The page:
• They are good conductors of heat and electricity, as the delocalised electrons are free to move throughout the metal and carry a charge. Metals that form ions with higher charges have more delocalised electrons and so are better conductors than metals with lower-charged ions.
    • They are insoluble.


    We know that sodium is relatively soft. Pure iron is too. This causes problems when making useful products out of metals. Iron nails wouldn’t be of much use if you could easily bend and distort them. To make pure metals stronger, we turn them into alloys.

    Alloys are mixtures of two or more elements, at least one of which is a metal.

    The different-sized atoms of the second element in an alloy disrupt the regular rows of metal ions, preventing them from sliding over each other as much, thus making them much harder. Iron often contains carefully controlled amounts of carbon, and steel is also a common alloy made from iron.

    Metallic bonding, alloy structure, StudySmarterFig. 4 - The atoms in an alloy. Here, the smaller atoms disrupt the regular lattice structure of the larger metal atoms and prevent them sliding over each other. This strengthens the compound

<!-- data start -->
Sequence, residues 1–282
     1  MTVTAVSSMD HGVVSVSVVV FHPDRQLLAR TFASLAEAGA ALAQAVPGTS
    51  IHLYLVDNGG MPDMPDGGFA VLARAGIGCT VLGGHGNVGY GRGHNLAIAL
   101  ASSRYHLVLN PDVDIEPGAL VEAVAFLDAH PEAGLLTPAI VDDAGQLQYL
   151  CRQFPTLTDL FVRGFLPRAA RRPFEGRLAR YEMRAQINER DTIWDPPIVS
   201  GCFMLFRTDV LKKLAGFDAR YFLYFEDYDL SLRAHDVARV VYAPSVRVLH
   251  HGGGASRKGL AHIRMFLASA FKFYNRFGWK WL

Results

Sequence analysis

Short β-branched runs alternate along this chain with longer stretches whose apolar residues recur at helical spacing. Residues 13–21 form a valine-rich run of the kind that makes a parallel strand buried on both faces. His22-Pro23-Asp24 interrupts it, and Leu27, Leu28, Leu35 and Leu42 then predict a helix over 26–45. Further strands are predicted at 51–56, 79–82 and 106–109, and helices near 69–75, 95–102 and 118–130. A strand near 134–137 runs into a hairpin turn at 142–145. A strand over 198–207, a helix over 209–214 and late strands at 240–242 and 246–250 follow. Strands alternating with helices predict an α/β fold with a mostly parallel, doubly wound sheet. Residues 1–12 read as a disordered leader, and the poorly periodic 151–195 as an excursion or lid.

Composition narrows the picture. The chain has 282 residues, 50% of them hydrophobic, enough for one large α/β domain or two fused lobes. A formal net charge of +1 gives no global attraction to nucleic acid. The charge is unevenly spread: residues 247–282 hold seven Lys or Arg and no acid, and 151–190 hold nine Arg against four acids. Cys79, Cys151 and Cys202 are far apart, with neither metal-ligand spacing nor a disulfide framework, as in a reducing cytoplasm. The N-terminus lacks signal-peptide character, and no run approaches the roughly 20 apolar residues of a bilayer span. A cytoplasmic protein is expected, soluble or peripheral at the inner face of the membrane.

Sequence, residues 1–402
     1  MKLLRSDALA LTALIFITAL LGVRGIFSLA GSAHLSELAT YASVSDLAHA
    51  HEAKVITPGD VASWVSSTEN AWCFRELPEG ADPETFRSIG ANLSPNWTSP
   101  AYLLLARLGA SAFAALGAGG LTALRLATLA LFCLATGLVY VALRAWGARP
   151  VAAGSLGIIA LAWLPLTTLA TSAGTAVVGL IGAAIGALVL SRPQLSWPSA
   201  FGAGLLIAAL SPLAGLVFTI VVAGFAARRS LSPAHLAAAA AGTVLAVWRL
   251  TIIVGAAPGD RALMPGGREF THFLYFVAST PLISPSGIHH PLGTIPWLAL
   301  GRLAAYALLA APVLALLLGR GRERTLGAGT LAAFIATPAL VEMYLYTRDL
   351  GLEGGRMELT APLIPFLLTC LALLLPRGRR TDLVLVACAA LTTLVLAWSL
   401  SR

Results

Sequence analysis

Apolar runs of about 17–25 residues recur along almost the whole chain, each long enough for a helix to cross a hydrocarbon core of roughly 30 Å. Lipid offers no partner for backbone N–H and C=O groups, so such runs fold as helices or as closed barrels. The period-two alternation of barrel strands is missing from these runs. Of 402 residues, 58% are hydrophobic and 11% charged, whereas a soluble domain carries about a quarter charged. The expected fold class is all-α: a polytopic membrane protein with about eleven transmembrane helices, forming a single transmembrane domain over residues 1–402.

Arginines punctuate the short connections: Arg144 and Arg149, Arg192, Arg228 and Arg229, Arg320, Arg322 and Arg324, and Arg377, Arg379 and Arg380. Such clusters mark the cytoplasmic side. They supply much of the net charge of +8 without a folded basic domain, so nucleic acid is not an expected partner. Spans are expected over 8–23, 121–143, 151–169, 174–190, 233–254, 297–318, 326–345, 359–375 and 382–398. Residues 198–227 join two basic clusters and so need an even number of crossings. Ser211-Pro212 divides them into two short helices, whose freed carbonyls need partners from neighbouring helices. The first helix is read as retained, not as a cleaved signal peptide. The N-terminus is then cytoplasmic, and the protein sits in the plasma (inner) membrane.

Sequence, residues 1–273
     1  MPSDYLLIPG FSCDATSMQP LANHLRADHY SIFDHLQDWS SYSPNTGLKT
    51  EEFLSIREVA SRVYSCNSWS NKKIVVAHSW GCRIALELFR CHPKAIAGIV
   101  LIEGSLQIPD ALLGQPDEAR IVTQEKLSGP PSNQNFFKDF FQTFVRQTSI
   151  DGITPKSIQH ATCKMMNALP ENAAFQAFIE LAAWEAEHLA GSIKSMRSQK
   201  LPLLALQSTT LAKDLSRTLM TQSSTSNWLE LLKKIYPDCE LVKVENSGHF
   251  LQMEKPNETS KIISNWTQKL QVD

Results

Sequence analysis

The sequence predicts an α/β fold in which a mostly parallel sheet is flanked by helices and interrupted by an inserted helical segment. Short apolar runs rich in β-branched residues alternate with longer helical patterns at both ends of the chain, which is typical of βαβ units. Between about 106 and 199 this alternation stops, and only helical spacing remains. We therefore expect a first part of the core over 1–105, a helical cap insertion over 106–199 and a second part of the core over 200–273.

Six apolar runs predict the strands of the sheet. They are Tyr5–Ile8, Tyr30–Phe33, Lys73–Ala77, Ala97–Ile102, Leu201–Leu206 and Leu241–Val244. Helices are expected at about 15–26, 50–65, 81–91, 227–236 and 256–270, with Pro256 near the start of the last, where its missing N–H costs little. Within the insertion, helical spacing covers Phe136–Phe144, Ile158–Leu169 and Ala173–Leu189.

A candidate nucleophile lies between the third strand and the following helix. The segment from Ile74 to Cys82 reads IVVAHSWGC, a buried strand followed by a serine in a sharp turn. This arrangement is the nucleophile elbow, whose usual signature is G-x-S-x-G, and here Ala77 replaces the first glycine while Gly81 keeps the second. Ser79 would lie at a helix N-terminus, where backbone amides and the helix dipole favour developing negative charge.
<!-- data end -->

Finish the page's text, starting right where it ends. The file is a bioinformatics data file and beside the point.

Metallic Bonding - Key takeaways

    • A metallic bond is the electrostatic attraction between a lattice of positive metal ions and a sea of delocalised electrons.
    • Factors affecting the strength of metallic bonding include the charge of the ion and the size of the ion.
    • Metals are generally strong, not brittle, good conductors of heat and electricity, insoluble, and have high melting and boiling points.
    • Alloys are mixtures of two elements, at least one of which is a metal. They are stronger than pure metals.
    Frequently Asked Questions about Metallic Bonding

    What is metallic bonding?

    Metallic bonding is the electrostatic attraction between a lattice of positive metal ions and a sea of delocalised electrons.

    Do metals conduct electricity?

    Metals can conduct electricity because the sea of delocalised electrons found within the metal are free to move and carry a charge.

    How are metal bonds formed?

     Metals form bonds by merging their outer shell electron orbitals. The electrons within delocalise and are not attached to any particular metal atom. This forms positive metal ions within a sea of delocalised electrons. A metallic bond is simply the electrostatic attraction between the two.

    Why are metallic bonds so strong?

    Metallic bonds are strong because the strong electrostatic attraction between the positive metal ions and the negative sea of delocalised electrons extends throughout the entire metal.